Aircraft: Another End Point in a Complicated Network
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Aircraft: Another End Point in a Complicated Network

Ken Green, CIO, NetJets
Ken Green, CIO, NetJets

Ken Green, CIO, NetJets

The role of CIO at NetJets has changed significantly over the past several years. The combination of a complex service-oriented private aviation business and a rapidly changing technology landscape bring unique opportunities and challenges. Some of our current areas of focus include:

• Capitalizing on the “consumerization” of technology to enrich our customer experience

• Delivering useful, timely, and accurate information to pilots and flight attendants via mobile devices so they can provide an exceptional customer experience

• Managing, protecting, and utilizing our data assets as we evolve and remove dependencies on legacy technology

• Our technology department has progressed from an adjunct organization that took orders from operational business areas to a fully integrated partner that delivers business solutions. This transformation has required the entire IT organization to adapt to our processes, culture, and leadership

"Focus on being less dependent on specific devices, carriers, and manufacturers, while still delivering quality applications to employees"

Customer Experience

We continue to innovate by using technology to provide our customers with additional channels to interact with NetJets. Doing this effectively requires a collaborative effort between multiple NetJets departments to ensure that customer-facing applications are designed to deliver the NetJets brand experience.

NetJets provides a best-in-class service to people who are traveling, so the ability to access our apps anywhere is critical, including onboard the aircraft. We want our customers to be able to operate at 40,000 feet the same way they do on the ground. As a result, we have had to extend functions that have traditionally been available only in-house, to be accessible through the internet and on mobile devices – and do so with the customer’s experience in mind. We have also had to find partners who can bring connectivity to the aircraft and work with us to deliver service that is consistent with the NetJets experience. Looking ahead, the lines between onboard technology and traditional applications are becoming blurred. Today, an aircraft can be just another end point in a complicated network.

Mobile Workforce

With over 700 aircraft worldwide, NetJets crewmembers are spread out all over the world. Providing the NetJets service, the best in the industry, requires timely, accurate, and consistent information be provided to our team members who are delivering the service. We have always relied on mobile devices for this purpose, but changes in the mobile space and networks have enabled us to deliver this information in a more easily consumable fashion. We are building custom apps and utilizing commercial apps with increased functionality. Our crewmembers rely heavily on their mobile devices for information related to customer trips, chart data, and tools for their own travel. As we continue to invest in these technologies, we have become more sophisticated in our mobile device management and provisioning. In addition, we have developed our strategy to address the challenges of a rapidly changing mobile landscape. We have focused on being less dependent on specific devices, carriers, and manufacturers, while still delivering quality applications to our employees.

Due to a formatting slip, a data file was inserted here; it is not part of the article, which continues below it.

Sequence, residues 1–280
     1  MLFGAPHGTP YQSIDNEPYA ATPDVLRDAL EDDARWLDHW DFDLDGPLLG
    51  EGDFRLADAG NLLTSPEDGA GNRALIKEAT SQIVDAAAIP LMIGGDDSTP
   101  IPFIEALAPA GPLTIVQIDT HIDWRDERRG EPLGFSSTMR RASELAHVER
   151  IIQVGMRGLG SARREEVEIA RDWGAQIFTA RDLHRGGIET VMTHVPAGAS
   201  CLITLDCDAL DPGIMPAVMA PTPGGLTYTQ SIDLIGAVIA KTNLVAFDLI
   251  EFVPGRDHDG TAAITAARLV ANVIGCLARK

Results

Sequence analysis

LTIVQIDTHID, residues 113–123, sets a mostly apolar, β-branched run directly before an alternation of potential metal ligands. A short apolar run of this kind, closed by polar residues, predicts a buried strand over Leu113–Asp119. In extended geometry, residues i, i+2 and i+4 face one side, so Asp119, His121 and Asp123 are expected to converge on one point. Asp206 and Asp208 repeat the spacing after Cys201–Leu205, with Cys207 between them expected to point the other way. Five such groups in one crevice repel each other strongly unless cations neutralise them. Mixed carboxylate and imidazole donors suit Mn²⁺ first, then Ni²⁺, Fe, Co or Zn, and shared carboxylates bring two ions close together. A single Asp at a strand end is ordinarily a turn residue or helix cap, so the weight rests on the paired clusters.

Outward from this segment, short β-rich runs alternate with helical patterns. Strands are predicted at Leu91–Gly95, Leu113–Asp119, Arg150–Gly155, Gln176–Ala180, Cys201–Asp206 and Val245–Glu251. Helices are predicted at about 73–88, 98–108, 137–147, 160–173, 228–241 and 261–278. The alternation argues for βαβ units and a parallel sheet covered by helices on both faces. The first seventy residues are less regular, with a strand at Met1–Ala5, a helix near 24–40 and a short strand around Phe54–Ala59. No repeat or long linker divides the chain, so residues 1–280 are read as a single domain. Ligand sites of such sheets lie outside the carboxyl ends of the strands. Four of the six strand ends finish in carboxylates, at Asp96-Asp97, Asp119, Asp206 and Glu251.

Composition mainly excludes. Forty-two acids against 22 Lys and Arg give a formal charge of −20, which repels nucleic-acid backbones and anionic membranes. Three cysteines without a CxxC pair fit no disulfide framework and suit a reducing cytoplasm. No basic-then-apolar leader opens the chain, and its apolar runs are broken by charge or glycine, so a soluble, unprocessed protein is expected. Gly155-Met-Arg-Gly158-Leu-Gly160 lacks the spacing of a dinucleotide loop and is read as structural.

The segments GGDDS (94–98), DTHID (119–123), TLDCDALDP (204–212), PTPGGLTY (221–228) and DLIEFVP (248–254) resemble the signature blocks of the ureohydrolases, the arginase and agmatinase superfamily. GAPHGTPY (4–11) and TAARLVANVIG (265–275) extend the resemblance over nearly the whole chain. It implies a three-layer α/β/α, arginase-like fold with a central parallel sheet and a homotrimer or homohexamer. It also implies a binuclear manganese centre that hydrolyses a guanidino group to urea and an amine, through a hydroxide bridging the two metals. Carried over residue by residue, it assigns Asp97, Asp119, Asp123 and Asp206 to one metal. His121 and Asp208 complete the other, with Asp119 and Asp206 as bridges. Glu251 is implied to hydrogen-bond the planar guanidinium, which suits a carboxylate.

Data Management

Like many businesses, at NetJets, data is an essential and valuable asset. Legacy systems were not necessarily designed with that in mind, making it difficult and expensive to utilize our information effectively. In the last few years we have shifted to a more unified set of applications that allows us to better leverage our data to expand service and bring efficiencies to our operations. This has required us to be more deliberate in collecting the right information and designing data structures with clear ownership across our foundational system. We are implementing governance processes and data management that will ensure that the integrity of the data remains over time, while maintaining information security in our applications, our physical data structures, and our network to protect our data. As an aviation company, one of our unique challenges is the collection and management of aircraft monitoring data. The technology and data available from the aircraft is rich, and analytics tools have become much more robust. We are continually examining ways to better utilize the data to be predictive about many different business problems.

Adapting to Change

At NetJets, delivering robust technology solutions rapidly while maintaining a secure, reliable, global, 24/7 operation has become increasingly critical. As CIO, it is my role to create an environment that brings the IT organization and its various business partners together to remain focused on what matters. To do this, the IT department must participate in the strategic and operational direction of the business, being an agent for change through technology. As the leader of the IT organization, I needed my team to implement processes and cultural changes that advance this partnership, while providing the technology leadership necessary to maintain a stable and reliable foundation. We settled on a transition to the Agile methods and made a very deliberate and concerted effort to instill a NetJets version of Agile that aligned with our environment and business. While it will always be a continuous improvement process, it has proven to be a perfect catalyst for increasing the collaboration between IT and key business areas, resulting in better and faster solutions.

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